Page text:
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|Coordinate||64,429,694 bp (GRCm38)|
|Base Change||T ⇒ A (forward strand)|
|Gene Name||glutamate receptor, ionotropic, delta 2|
|Synonym(s)||GluRdelta2, tpr, B230104L07Rik|
|Chromosomal Location||63,255,876-64,668,282 bp (+)|
|MGI Phenotype||Homozygotes for multiple spontaneous and targeted null mutations exhibit ataxia and impaired locomotion associated with cerebellar Purkinje cell abnormalities and loss, and on some backgrounds, male infertility due to lack of zona penetration by sperm.|
NCBI RefSeq: NM_008167; MGI: 95813
|Amino Acid Change||Tyrosine changed to Stop codon|
|Institutional Source||Beutler Lab|
|Gene Model||predicted gene model for protein(s): [ENSMUSP00000093536]|
AA Change: Y679*
|Predicted Effect||probably null|
|Phenotypic Category||behavior/neurological, growth/size, nervous system|
|Alleles Listed at MGI|
|Mode of Inheritance||Autosomal Recessive|
|Local Stock||Live Mice, gDNA|
|Last Updated||05/25/2017 3:34 PM by Katherine Timer|
|Record Created||03/10/2015 7:11 PM by Jeff SoRelle|
The crawler phenotype was identified among N-ethyl-N-nitrosourea (ENU)-mutagenized G3 mice of the pedigree R1572, some of which exhibited ataxia and an abnormal gait (Figure 1).
|Nature of Mutation|
Whole exome HiSeq sequencing of the G1 grandsire identified 120 mutations. Among these the mutation in Grid2 was presumed to be causative because the crawler neurological phenotype mimics other known alleles of Grid2 (see MGI for a list of Grid2 alleles). The mutation in Grid2 is a T to A transversion at base pair 64,429,694 (v38) on chromosome 6, or base pair 1,173,792 in the GenBank genomic region NC_000072 encoding Grid2. The mutation corresponds to residue 2,037 in the NM_008167 mRNA sequence in exon 13 of 16 total exons.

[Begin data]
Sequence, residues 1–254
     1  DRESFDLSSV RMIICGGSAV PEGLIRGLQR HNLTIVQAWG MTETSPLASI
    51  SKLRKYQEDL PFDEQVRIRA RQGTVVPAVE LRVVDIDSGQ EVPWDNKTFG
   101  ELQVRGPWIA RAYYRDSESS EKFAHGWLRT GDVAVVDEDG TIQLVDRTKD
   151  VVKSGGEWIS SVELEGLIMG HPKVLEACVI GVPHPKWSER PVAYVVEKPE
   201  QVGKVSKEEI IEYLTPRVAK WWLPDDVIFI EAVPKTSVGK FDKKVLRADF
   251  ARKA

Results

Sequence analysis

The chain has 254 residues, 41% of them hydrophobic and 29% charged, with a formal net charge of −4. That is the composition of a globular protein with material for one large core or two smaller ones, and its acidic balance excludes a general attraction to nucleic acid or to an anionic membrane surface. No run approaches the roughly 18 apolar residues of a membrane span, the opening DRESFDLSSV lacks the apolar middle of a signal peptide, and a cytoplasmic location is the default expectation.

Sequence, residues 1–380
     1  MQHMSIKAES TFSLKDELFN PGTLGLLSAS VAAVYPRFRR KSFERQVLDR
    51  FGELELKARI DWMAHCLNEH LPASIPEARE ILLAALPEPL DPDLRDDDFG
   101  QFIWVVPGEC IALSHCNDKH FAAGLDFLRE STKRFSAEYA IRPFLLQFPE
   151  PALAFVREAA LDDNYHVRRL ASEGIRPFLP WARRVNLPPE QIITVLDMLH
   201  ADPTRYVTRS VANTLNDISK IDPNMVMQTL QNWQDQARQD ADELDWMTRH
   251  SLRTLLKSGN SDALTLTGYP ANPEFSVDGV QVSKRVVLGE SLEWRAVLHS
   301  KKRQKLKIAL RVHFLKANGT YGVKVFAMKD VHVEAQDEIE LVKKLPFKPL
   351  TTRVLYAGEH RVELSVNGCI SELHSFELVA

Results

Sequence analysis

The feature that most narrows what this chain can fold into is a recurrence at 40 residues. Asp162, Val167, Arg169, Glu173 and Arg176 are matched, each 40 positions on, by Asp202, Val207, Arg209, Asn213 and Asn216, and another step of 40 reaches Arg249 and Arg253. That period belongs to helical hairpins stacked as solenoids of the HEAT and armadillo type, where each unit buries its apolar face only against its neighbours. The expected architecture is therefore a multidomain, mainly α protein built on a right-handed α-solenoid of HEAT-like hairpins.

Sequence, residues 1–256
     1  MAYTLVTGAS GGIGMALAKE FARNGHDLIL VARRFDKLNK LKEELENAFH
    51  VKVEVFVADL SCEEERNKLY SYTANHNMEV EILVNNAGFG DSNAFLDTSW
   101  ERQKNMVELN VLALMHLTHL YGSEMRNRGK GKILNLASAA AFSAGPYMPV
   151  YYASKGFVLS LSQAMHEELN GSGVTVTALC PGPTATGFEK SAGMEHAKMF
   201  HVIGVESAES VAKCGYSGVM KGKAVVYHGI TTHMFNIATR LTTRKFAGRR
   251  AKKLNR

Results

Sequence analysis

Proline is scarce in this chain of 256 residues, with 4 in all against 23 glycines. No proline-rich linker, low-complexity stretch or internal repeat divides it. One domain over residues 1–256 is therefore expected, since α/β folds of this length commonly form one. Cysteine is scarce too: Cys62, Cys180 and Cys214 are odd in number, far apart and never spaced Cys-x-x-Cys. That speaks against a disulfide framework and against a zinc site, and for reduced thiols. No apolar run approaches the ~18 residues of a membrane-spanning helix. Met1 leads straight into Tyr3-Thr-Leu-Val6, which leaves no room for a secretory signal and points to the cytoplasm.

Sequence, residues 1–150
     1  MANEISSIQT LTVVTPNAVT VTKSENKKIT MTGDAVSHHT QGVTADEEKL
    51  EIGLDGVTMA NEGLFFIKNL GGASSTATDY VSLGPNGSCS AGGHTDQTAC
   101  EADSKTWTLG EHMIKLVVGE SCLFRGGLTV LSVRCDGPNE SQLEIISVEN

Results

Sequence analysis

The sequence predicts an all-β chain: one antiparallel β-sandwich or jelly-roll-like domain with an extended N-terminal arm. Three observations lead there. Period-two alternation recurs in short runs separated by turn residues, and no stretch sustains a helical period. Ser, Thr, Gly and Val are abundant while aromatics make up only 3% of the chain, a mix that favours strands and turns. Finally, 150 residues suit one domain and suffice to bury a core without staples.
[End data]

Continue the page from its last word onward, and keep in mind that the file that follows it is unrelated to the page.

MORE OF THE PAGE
The mutated nucleotide is indicated in red. The mutation results in substitution of tyrosine 679 for a premature stop codon (Y679*) in the GluRδ2 protein.
Glutamate receptor ion channels (ionotropic glutamate receptors, iGluR), which are nonselective for monovalent cations (and sometimes Ca2+ permeable), are the major mediators of excitatory synaptic transmission in the central nervous system. iGluRs are tetramers arranged as a dimer of dimers (1-3). Each subunit has a characteristic modular architecture with four domains: the N-terminal domain (NTD), the ligand- or agonist-binding domain (LBD), the transmembrane region, and the C-terminal domain (CTD) (Figure 2) [reviewed in (4;5)]. The extracellular NTD mediates dimer formation and controls heteromer formation among members of the same iGluR subfamily (6). The extracellular LBD is encoded by two polypeptide segments, S1 and S2, which are separated by amino acids that make up part of the transmembrane portion of the protein. The CTD is important for proper delivery of the receptor to the membrane (7;8), for clustering the receptor at the PSD (9;10), and for maintaining stable localization of the receptor at the PSD (11). The transmembrane regions of iGluRs form the ion channel pore, and consist of three α-helices (M1, M3, and M4) and a membrane-inserted pore loop (P or M2).
The crawler mutation occurs within the S2 segment, and converts tyrosine 679 to a stop codon.
For more information about Grid2, please see the record for swagger.
Glutamate is synthesized, stored, released from the presynaptic terminal, and acts through both ligand-gated ion channels (ionotropic glutamate receptors) and G-protein coupled receptors (metabotropic glutamate receptors) on postsynaptic neurons. Activation of these receptors accounts for basal excitatory synaptic transmission and synaptic plasticity, such as long-term potentiation (LTP) and long-term depression (LTD) that are thought to underlie learning and memory.